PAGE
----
Ask the Trainer: Wintertime Swim Sessions


Robert Barnes

Q:  My 8-year-old dog Quincy has arthritis and my vet wants him to swim as much as possible. He’s not a “water-dog” by nature, but in the summer we can get him to chase toys in the lake if we really keep him focused. Now that the weather is cold, how can we keep up with his swimming? It took him so long to learn to like the lake, I’m afraid winter may be over before we can get him in a pool! Is there anything we can do to help Quincy like the water more and actually have fun?

A: Luckily for you and Quincy, the Chicago area boasts various indoor “zero depth” pools designed specifically for dogs. They are perfect for exercise, weight loss, physical therapy, and arthritis, and can be lots of fun for both you and your pet!

With a gradually sloped entry, dogs can walk into these pools just as they do when entering a lake. This allows most dogs to feel comfortable by creating a familiar environment. If Quincy needs additional assistance while swimming, most centers have a staff member devoted to each dog’s success while in the pool. When dogs wear a life vest, staff members can help the dogs swim. This will not only teach your dog how to swim but will also boost his confidence and familiarity in the water.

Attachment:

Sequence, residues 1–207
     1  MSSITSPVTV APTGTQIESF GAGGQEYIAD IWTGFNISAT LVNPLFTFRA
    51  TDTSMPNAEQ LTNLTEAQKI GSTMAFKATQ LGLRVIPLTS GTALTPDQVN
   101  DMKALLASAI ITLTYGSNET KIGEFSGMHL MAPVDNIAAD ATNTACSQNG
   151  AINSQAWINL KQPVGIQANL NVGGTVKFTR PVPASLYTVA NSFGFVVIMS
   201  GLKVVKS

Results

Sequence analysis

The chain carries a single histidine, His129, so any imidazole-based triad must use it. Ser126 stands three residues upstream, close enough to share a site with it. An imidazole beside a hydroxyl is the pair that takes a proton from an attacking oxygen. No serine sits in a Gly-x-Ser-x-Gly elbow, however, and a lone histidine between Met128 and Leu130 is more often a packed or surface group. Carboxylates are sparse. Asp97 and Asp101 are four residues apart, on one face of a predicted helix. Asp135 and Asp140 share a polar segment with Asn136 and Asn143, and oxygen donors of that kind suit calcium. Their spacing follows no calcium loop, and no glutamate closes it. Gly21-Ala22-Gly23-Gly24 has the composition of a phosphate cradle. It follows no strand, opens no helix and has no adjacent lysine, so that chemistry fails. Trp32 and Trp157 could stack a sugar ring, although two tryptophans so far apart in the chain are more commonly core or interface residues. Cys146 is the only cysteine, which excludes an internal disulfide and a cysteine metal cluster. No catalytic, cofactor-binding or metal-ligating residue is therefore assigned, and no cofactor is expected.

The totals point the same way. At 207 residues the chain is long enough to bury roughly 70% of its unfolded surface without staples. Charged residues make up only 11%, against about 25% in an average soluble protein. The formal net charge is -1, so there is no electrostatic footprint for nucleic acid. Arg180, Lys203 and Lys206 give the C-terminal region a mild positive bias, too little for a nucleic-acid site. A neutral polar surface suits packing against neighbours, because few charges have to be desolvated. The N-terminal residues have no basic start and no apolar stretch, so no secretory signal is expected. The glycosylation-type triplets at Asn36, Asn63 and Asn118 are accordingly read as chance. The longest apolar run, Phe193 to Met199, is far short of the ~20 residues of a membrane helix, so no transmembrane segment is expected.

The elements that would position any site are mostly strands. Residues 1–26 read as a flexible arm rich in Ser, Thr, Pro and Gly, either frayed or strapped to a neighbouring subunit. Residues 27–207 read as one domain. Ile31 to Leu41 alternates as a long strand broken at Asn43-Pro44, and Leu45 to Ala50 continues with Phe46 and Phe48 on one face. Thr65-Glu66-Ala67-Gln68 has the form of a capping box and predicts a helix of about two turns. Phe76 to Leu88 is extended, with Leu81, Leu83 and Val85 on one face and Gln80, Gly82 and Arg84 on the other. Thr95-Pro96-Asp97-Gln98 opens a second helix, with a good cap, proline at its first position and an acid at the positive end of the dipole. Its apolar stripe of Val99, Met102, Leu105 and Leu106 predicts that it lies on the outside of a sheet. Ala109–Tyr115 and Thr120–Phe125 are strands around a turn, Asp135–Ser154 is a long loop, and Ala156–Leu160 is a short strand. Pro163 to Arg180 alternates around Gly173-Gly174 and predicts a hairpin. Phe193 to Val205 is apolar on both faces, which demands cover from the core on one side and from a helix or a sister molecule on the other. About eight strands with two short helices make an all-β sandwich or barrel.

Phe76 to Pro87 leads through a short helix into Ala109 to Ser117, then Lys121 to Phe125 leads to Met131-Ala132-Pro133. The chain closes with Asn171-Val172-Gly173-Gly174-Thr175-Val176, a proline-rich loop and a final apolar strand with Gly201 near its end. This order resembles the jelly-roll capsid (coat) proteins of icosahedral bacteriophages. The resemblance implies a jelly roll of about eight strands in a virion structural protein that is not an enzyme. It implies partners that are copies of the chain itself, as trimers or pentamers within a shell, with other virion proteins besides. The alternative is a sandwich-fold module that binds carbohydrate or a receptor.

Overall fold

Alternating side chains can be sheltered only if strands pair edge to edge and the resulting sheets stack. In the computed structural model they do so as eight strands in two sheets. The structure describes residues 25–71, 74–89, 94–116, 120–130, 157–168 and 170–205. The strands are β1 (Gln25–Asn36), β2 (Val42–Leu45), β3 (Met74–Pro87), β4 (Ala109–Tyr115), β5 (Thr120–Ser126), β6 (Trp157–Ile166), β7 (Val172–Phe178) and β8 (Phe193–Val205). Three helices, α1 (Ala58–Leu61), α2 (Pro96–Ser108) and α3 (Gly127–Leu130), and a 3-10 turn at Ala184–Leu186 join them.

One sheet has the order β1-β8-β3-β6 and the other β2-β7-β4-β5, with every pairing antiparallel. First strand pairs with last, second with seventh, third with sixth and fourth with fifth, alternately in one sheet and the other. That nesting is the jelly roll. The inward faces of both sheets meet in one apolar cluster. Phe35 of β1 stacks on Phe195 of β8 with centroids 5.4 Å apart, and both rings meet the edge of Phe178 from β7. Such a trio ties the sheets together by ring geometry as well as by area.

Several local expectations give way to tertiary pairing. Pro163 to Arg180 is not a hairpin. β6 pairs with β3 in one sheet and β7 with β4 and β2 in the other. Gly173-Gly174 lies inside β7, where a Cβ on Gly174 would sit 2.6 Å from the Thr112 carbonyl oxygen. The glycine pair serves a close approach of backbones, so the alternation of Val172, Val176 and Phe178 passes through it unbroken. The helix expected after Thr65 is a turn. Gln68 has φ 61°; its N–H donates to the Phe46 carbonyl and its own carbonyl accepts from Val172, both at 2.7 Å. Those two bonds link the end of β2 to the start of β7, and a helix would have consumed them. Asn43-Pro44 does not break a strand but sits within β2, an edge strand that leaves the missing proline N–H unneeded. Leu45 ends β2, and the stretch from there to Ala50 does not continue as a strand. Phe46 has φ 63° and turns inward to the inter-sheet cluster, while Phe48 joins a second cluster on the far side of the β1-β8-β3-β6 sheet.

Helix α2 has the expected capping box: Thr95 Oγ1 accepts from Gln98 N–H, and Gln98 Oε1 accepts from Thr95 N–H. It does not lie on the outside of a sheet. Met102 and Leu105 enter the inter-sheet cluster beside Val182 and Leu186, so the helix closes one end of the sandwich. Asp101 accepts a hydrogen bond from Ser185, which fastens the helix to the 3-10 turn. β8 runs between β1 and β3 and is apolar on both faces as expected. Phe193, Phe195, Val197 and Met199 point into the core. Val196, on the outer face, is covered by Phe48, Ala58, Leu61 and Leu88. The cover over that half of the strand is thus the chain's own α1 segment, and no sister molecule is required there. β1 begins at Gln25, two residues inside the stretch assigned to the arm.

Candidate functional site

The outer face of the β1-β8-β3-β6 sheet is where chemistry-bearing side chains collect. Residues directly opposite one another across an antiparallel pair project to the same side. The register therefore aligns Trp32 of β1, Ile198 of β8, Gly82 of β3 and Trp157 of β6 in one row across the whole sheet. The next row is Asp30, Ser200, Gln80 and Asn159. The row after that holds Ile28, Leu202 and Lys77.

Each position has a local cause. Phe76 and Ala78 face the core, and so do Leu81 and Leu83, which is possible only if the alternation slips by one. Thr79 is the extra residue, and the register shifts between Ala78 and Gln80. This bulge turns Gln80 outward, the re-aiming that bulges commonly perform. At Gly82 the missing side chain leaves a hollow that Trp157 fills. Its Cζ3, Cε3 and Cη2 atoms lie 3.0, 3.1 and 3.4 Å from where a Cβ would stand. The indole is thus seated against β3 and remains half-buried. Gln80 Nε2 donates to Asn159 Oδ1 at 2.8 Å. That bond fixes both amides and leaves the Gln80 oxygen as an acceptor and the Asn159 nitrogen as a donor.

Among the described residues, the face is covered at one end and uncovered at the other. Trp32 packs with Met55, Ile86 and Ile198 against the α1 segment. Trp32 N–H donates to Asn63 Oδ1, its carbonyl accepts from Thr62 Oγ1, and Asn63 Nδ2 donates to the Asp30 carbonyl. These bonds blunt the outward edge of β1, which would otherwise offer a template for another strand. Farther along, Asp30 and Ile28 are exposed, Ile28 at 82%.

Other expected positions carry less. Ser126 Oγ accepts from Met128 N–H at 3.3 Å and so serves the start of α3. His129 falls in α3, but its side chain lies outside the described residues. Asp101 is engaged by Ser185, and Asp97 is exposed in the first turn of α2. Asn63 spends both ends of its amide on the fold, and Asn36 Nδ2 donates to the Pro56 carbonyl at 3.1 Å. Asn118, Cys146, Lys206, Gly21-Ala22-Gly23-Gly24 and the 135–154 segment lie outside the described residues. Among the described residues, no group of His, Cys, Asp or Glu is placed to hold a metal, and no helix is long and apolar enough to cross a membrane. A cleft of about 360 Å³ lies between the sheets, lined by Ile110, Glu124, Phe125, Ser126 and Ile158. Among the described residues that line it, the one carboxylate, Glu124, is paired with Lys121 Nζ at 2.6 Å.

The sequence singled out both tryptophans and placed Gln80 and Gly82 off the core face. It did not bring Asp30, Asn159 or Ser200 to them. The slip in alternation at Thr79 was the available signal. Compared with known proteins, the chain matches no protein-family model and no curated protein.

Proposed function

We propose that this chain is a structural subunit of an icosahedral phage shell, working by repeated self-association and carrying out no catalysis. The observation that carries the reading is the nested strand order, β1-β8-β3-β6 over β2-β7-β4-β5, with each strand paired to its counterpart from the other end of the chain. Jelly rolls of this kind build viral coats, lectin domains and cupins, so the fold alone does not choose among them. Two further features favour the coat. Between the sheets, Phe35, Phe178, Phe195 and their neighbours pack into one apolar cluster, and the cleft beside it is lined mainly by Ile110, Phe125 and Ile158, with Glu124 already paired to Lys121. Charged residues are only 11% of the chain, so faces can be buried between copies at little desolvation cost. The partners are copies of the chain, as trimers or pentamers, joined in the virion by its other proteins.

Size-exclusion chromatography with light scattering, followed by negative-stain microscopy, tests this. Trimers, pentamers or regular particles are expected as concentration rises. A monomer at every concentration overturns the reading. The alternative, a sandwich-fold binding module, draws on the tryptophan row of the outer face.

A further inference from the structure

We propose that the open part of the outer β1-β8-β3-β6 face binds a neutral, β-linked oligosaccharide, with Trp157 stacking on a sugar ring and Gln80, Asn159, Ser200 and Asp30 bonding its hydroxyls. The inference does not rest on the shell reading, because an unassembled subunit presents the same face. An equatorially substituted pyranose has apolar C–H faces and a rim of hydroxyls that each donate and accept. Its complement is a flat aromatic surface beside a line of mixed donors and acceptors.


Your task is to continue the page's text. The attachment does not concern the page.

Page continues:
Most importantly, you are invited (and welcomed) to be on the deck during your dog’s swim session.  Typically, your presence will encourage and assist in your dog’s confidence in the pool. The water temperature remains at 80 degrees, with the air temperature at 82 degrees, similar to a beautiful summer day!

Don’t be discouraged if it takes Quincy a few sessions to enjoy it. Just as we humans can take some time to adjust to a new workout routine, it may take your dog some time to get his groove on! Keep at it, and he will soon look forward to his indoor swimming. Luckily for Quincy, his arthritis pain can be eased by swimming fun all year round.

About the Trainer: Robert Barnes is a certified trainer who specializes in obedience training and swim lessons. Grandson of kennel founders, Jim and Doris Cocallas, Robert has been part of Carriage Hill Kennels since he was a young boy. Field trials, boarding, and grooming have always been part of the family business, and Robert is proud to follow in his grandparent’s footsteps.

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